Next came the quintessential modern art form: abstract expressionism. Termed “action painting” by many, wild splatterings of paint across canvas were intended to represent the creative catharsis of the artist. This was “art for the sake of art.” No political agenda, no overt representation of anything. Whereas the old masters tricked the eye by mastering perspective and the impressionists fooled the mind into seeing completed scenes out of millions of dots, abstract expressionism was “more true” in that it was a raw visual of only what it was, straight from the artist onto the canvas without any representational clutter.
By this time “painterly” (meaning resembling a painting) and “literary” (meaning being about something) were insults and “flatness” (meaning focus on material and canvas) was in vogue. For those constantly looking to define, and often sell, the next big art wave, abstract expressionism was even too, well, expressionist. Keep reducing! And so the color field painters emerged.
Then, as if everyone had secretly grown tired of all this abstraction, pop art temporarily captured the imagination of the art world. But wait a second. . . what’s this hypocrisy? Isn’t pop art, with its iconic imagery of celebrities and soup cans, about something? What happened to our collective disdain for representation? No, no – don’t be silly. Pop art is about symbols. It isolates culturally-loaded iconography from its context, while serving as an ironic commentary on mass commercialism and commoditization. An irony, you might note, that Warhol enjoyed all the way to the bank.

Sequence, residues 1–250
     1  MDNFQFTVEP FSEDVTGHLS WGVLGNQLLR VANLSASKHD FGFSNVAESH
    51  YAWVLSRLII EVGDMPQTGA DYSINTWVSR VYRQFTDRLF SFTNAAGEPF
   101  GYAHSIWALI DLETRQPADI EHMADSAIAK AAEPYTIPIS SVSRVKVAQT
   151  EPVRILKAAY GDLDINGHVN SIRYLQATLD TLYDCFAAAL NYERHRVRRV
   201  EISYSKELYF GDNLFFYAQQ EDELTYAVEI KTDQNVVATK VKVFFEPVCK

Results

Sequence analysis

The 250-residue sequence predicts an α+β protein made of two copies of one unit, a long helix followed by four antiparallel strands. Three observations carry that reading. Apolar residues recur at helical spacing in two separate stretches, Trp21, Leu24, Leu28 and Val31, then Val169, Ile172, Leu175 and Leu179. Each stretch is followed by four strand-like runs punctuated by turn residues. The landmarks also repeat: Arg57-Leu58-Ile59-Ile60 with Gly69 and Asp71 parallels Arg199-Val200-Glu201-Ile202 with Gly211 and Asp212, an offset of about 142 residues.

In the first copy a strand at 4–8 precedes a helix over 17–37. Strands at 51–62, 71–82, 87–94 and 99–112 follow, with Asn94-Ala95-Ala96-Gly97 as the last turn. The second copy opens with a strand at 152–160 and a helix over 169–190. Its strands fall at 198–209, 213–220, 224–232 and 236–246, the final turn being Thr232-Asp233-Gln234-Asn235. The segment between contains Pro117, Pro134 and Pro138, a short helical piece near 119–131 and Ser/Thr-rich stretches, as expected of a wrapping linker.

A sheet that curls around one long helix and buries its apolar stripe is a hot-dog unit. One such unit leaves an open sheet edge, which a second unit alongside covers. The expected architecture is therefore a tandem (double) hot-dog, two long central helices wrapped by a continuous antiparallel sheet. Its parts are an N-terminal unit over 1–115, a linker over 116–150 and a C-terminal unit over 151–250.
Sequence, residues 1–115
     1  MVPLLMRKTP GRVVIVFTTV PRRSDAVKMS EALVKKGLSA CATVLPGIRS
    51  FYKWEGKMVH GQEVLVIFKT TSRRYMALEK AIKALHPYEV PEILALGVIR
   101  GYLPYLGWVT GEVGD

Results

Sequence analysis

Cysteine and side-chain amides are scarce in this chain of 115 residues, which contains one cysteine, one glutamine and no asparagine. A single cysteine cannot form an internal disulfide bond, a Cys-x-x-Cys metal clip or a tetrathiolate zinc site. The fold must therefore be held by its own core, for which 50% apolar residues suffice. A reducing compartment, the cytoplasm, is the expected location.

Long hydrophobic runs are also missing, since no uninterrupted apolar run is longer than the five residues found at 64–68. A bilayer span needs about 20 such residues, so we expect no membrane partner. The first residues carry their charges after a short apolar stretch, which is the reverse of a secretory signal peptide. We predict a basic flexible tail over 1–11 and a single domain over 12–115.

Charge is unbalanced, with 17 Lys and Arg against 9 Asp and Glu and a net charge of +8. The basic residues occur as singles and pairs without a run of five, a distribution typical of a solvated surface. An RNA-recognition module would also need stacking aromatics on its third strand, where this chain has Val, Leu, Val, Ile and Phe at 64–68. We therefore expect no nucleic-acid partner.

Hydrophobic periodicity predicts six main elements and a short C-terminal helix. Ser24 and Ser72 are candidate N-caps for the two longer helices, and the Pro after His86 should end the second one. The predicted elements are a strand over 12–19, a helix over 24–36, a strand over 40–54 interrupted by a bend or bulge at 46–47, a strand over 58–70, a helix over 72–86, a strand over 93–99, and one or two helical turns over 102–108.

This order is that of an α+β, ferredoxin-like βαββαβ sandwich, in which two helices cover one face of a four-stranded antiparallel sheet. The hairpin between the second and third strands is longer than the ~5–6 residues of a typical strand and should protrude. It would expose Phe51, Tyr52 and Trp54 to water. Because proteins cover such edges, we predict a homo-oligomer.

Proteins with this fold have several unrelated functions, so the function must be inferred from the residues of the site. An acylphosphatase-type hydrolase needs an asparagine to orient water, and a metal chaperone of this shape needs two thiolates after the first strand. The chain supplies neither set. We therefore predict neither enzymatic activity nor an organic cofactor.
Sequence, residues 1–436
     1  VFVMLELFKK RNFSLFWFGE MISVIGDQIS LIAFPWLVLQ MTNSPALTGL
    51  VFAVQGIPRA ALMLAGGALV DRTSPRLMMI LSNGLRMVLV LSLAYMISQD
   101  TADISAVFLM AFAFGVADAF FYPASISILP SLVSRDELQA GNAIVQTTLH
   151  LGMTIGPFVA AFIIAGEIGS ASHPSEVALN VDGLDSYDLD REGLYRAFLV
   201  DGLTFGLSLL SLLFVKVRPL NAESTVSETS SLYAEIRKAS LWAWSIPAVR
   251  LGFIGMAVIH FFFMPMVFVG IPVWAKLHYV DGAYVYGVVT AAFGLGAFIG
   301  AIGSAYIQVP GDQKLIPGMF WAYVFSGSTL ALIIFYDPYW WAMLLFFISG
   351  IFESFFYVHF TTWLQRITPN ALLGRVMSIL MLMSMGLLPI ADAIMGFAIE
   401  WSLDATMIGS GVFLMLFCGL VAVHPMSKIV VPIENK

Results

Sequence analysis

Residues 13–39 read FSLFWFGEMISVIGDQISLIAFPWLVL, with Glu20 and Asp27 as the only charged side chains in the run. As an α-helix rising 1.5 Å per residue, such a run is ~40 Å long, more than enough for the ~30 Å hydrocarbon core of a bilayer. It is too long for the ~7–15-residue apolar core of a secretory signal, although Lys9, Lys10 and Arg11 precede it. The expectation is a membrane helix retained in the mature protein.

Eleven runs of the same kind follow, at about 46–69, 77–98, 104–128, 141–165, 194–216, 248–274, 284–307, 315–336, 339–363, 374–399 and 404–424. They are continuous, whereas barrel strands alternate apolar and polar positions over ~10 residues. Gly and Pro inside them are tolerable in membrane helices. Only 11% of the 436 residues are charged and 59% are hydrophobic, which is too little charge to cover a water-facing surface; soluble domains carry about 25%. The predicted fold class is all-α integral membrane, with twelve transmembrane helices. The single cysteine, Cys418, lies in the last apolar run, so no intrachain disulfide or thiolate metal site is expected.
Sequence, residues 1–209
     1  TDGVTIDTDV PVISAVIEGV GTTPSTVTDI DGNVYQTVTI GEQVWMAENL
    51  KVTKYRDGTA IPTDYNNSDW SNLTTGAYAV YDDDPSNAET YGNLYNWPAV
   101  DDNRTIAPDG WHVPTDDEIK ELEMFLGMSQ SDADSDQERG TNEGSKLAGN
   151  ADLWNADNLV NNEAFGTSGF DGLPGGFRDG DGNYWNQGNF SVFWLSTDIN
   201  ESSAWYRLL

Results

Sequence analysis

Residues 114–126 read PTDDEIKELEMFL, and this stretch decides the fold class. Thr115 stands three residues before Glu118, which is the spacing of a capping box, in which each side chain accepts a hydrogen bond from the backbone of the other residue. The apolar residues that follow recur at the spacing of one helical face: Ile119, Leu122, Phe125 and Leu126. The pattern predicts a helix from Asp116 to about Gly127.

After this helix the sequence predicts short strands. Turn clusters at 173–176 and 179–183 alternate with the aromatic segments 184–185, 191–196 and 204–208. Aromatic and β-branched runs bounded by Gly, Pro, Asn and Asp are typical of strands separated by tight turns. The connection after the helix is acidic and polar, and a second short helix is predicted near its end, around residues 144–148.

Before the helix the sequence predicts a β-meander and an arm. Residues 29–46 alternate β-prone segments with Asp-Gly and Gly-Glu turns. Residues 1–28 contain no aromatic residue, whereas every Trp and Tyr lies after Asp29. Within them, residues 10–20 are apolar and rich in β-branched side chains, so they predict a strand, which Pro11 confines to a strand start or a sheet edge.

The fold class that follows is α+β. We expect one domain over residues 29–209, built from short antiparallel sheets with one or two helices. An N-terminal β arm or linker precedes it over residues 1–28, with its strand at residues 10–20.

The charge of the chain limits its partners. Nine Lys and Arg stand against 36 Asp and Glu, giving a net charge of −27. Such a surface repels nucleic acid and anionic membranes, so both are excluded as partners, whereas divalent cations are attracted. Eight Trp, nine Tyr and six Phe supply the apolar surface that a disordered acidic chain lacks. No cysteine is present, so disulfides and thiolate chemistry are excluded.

What’s even more symbolic and iconic than pop culture imagery? How about written language. Ruscha ran with it.
And finally, in modern art’s race to reduce a visual experience to its most basic, we arrive at minimalism. Artists looking to push the evolution of modern art theory to it’s extreme conclusion have sometimes even disavowed the canvas and wall. The yellow brick road of modern art has led us to a land of monochrome canvases, solitary stripes, and sculptures of basic shapes. In our quest for the pure visual abstraction, we managed to strip out representation, metaphor, dimension, and context along the way. This is what remains:
So, modern art isn’t all that obscure or radical if you get to know it. The important thing to understand is that modern art wasn’t made in a vacuum; despite striving desperately for an isolated purity, it was very much the product of its own historical context. Each new avant-garde artist came as the latest play in a game of art jenga. How many pieces could be removed before the tower fell and the art world became so cerebral and insular that it lost all credibility with an audience outside of the village culturati?
Ask the first ten people you see on the street what they think of modern art, and it will be pretty clear that a century’s worth of theory remains trapped in the echo chamber. Most people enjoy art for the immediate connection and visual delight, uninterested in monitoring the constantly evolving trends in theory as if they were numbers on a stock ticker. It’s okay that you don’t “get” modern art, because it wasn’t meant to be without the underlying philosophy. Hopefully with this quick peek into the thinking behind modern art, you can find something to enjoy. After humanity’s millennium-long obsession with religious paintings, we think a urinal in a museum is pretty cool.